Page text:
Definition of whalebone in English:

whalebone

Syllabification: whale·bone
Pronunciation: /ˈ(h)wālˌbōn
 
/

noun

1An elastic horny substance that grows in a series of thin parallel plates in the upper jaw of some whales and is used by them to strain plankton from the seawater. Also called baleen.
More example sentences
  • The bow itself could be simply of wood or of a composite of horn or whalebone placed between two thin pieces of yew and covered in tendon, while steel bows appear from the 14th century.
  • Whaling for this species began near Spitsbergen, Norway, as early as 1611 and continued until the early 1900s when the animal's numbers became too low to be economically viable and the demand for whalebone ended.
  • Upon his return from his whaling voyages, his ships were laden with typical whaling ship cargo like sperm oil and whalebone.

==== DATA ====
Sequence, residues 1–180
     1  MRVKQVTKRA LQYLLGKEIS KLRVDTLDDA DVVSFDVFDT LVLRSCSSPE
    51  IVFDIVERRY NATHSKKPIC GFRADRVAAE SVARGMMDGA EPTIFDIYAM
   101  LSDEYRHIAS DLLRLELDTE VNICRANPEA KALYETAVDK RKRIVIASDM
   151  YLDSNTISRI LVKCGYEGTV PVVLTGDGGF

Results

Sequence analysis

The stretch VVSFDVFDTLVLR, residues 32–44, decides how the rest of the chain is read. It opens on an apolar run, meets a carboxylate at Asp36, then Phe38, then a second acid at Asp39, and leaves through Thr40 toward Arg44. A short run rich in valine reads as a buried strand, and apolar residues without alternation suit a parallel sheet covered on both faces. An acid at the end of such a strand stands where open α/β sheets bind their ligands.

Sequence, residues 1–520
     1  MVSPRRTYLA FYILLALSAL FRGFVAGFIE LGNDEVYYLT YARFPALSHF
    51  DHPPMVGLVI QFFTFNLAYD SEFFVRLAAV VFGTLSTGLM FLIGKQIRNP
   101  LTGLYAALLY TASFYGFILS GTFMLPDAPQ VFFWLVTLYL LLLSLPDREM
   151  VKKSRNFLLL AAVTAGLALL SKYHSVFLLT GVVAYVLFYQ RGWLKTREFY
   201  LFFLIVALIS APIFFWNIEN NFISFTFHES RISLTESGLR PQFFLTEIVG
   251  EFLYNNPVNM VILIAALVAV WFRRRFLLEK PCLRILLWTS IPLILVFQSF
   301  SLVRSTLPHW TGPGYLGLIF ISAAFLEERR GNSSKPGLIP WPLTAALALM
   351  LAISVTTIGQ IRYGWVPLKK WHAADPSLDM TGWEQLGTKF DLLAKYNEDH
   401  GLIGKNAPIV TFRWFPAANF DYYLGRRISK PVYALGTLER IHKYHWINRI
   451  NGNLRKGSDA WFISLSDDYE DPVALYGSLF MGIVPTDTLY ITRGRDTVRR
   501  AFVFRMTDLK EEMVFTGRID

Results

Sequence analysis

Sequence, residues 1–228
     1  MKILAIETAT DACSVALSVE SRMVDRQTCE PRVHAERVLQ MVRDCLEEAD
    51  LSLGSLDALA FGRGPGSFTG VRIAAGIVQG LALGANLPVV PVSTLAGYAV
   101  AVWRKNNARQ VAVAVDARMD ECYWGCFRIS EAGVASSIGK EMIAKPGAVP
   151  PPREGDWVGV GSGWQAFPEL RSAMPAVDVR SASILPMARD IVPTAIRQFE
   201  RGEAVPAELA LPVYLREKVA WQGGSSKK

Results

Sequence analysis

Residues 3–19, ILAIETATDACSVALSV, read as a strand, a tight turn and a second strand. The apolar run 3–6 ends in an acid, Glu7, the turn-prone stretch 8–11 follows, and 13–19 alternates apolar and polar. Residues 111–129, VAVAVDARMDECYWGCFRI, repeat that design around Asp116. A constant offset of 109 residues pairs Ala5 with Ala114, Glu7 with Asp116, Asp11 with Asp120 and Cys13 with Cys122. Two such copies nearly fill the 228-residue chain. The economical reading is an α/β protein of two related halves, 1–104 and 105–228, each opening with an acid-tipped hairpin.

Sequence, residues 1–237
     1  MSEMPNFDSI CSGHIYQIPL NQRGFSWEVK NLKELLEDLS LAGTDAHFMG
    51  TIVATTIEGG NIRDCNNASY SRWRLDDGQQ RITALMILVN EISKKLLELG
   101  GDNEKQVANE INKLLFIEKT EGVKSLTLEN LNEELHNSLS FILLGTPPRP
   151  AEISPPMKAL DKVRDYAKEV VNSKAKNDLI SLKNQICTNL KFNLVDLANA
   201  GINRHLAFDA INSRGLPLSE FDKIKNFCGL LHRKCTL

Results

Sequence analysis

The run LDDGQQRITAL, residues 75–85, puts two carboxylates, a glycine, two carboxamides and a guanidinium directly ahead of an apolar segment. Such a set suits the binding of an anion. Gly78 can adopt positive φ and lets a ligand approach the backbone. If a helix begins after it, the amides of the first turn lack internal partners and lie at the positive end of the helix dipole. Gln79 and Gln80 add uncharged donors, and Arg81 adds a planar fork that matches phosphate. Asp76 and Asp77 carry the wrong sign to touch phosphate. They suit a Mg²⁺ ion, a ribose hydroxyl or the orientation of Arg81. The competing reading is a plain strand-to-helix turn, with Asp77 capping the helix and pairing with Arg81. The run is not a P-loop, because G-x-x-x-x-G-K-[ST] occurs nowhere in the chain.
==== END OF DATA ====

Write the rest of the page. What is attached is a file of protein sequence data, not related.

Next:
1.1Strips of whalebone, used formerly as stays in corsets and dresses: [as modifier]: a whalebone bodice
More example sentences
  • Rumour has it that having purchased a sheer evening gown for one of her social events she found the corset with whalebones totally unacceptable under the dress.
  • I recall one small urchin without a rag of clothing save the basque waist of a lady's dress, bristling with whalebones, and worn wrong side before, beneath which his smooth ebony legs emerged like those of an ostrich from its plumage.
  • Older women can afford to agree that femininity is a charade, a matter of colored hair, ecru lace and whalebones, the kind of slap and tat that transvestites are in love with, and no more.
1.2Bone or ivory from a whale or walrus.
More example sentences
  • He works in wood, ivory, whalebone, and bronze, and after a year in Europe he brought several tons of Cararra marble home with him to Suquamish.
  • While many supports were used, ivory or whalebone, was the most common.
  • And quite right too, cause there are only three interesting things in Poland (Auschwitz, the European bison, and an old whalebone in Krakow cathedral.

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